Union Pacific chief threatens action on oil train brake rules

Repost from Financial Times

Union Pacific chief threatens action on oil train brake rules

Robert Wright in New York, May 31, 2015 4:55 pm
In this photo from Aug. 8, 2012, a Union Pacific train travels in Council Bluffs, Iowa. Union Pacific said Thursday, Oct. 18, 2012, that its third-quarter profit climbed 15 percent because price increases and more automotive and chemical shipments helped the railroad offset a 12 percent drop in coal shipments. The railroad reported $1 billion in net income, or $2.19 per share. That's up from $904 million, or $1.85 per share, a year ago. (AP Photo/Nati Harnik)
In this photo from Aug. 8, 2012, a Union Pacific train travels in Council Bluffs, Iowa. Union Pacific said Thursday, Oct. 18, 2012, that its third-quarter profit climbed 15 percent because price increases and more automotive and chemical shipments helped the railroad offset a 12 percent drop in coal shipments. The railroad reported $1 billion in net income, or $2.19 per share. That’s up from $904 million, or $1.85 per share, a year ago. (AP Photo/Nati Harnik)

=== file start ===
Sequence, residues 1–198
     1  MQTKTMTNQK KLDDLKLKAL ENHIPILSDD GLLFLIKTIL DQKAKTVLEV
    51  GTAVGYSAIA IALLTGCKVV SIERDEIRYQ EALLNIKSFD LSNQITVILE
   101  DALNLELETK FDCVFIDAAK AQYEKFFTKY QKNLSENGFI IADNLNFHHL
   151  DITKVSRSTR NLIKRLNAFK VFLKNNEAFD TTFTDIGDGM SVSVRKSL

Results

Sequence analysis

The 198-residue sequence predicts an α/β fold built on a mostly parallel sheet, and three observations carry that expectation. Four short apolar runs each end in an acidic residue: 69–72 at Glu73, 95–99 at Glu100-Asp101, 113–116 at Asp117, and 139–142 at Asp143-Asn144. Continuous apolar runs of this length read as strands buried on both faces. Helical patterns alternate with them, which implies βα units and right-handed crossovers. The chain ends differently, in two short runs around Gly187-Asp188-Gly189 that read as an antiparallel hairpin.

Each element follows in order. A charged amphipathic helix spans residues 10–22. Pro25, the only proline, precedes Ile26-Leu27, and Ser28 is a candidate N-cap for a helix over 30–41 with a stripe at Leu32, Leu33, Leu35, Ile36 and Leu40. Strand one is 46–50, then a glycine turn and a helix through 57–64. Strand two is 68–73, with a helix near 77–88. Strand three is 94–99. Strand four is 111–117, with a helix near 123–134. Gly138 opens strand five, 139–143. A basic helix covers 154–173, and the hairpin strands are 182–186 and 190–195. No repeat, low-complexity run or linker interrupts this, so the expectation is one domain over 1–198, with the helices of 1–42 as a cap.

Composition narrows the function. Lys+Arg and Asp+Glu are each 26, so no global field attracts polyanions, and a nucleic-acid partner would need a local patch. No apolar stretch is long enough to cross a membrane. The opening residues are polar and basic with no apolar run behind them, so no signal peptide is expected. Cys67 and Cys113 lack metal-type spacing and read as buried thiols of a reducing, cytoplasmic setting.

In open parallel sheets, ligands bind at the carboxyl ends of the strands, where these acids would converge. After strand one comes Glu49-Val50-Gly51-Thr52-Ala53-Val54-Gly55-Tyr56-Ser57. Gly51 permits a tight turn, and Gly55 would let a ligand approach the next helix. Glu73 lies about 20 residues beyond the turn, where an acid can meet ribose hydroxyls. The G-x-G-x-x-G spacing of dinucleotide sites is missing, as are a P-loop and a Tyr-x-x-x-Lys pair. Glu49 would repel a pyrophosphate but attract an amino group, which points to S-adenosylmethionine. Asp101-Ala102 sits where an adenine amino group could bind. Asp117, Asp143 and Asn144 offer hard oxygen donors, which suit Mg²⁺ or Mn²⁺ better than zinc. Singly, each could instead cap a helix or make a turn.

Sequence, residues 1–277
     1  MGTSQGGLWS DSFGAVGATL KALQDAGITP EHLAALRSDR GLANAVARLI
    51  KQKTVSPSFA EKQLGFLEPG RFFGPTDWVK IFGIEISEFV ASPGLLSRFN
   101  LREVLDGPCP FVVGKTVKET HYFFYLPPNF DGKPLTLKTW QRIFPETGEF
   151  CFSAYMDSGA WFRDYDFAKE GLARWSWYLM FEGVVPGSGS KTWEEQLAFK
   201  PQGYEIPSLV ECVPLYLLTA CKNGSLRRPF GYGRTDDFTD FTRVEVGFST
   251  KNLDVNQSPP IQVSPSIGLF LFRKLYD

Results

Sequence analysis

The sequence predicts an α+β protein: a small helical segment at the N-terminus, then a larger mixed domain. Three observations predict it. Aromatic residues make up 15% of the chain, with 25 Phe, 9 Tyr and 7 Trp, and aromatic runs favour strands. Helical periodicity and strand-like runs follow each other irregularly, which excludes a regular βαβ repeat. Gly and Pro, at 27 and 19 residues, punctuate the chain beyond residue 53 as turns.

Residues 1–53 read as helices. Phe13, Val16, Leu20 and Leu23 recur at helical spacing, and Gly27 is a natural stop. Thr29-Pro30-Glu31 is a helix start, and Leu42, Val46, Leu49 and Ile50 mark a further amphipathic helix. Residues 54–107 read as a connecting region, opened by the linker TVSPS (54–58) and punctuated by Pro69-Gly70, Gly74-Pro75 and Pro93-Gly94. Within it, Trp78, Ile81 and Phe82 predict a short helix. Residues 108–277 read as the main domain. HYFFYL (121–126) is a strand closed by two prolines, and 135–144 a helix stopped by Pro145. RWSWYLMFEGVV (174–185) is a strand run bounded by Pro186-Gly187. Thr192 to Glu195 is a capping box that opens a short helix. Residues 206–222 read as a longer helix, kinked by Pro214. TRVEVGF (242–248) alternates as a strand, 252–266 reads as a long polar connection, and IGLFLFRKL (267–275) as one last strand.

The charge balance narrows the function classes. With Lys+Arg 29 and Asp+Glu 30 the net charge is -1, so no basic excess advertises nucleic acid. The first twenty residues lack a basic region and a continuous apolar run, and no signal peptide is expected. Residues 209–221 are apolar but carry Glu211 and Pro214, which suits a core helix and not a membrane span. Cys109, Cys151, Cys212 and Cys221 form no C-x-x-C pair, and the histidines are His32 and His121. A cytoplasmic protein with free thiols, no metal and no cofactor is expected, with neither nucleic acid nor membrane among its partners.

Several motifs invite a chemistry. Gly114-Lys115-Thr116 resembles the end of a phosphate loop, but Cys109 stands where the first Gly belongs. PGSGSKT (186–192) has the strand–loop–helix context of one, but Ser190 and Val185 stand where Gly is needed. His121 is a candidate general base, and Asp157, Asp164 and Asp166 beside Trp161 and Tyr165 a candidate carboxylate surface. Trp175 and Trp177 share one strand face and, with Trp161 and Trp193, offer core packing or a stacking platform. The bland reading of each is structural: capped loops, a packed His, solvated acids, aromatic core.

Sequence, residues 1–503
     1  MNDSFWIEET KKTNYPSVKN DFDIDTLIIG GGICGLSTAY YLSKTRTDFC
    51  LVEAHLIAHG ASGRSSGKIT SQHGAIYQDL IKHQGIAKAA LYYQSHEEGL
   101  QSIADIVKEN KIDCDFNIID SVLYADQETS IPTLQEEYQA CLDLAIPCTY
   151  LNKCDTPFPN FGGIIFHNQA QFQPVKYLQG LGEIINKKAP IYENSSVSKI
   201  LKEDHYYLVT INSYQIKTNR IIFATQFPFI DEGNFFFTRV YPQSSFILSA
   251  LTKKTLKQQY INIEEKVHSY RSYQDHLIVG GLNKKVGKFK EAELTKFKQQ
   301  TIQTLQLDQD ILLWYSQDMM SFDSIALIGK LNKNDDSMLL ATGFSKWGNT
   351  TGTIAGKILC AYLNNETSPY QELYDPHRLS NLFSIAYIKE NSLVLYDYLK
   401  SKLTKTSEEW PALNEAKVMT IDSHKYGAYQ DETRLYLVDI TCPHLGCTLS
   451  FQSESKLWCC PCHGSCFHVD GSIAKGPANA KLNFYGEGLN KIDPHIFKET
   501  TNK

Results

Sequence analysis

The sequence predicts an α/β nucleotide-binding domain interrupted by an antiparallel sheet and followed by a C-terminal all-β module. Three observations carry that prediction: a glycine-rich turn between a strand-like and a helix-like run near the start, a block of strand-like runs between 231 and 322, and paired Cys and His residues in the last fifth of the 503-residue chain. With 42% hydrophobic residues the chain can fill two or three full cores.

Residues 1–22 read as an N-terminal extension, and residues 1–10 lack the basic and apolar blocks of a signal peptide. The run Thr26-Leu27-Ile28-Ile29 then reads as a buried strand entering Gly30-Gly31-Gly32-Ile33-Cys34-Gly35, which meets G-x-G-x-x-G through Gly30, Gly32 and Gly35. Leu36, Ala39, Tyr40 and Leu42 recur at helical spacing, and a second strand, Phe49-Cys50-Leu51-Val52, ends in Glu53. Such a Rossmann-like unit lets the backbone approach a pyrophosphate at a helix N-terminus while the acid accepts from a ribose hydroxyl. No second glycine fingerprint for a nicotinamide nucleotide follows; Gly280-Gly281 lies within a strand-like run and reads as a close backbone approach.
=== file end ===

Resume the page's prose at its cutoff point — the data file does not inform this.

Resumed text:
The chief executive of Union Pacific, the US’s largest rail network, has vowed legal action over a provision of new rules for oil trains that he says would cost billions of dollars and provide little benefit.

The pledge from Lance Fritz threatens further delay to rules that have already been years in preparation.

The Federal Railroad Administration and Canadian regulators jointly announced the rules less than a month ago to improve the safety of oil movements by rail, which have risen sharply following the surge in US oil and gas production in recent years.

The surge — from only about 1m tonnes of traffic in 2007 to roughly 40m in 2013, the last year for which full data are available — has exposed the shortcomings of existing safety rules for tank cars, with several trains exploding following derailments.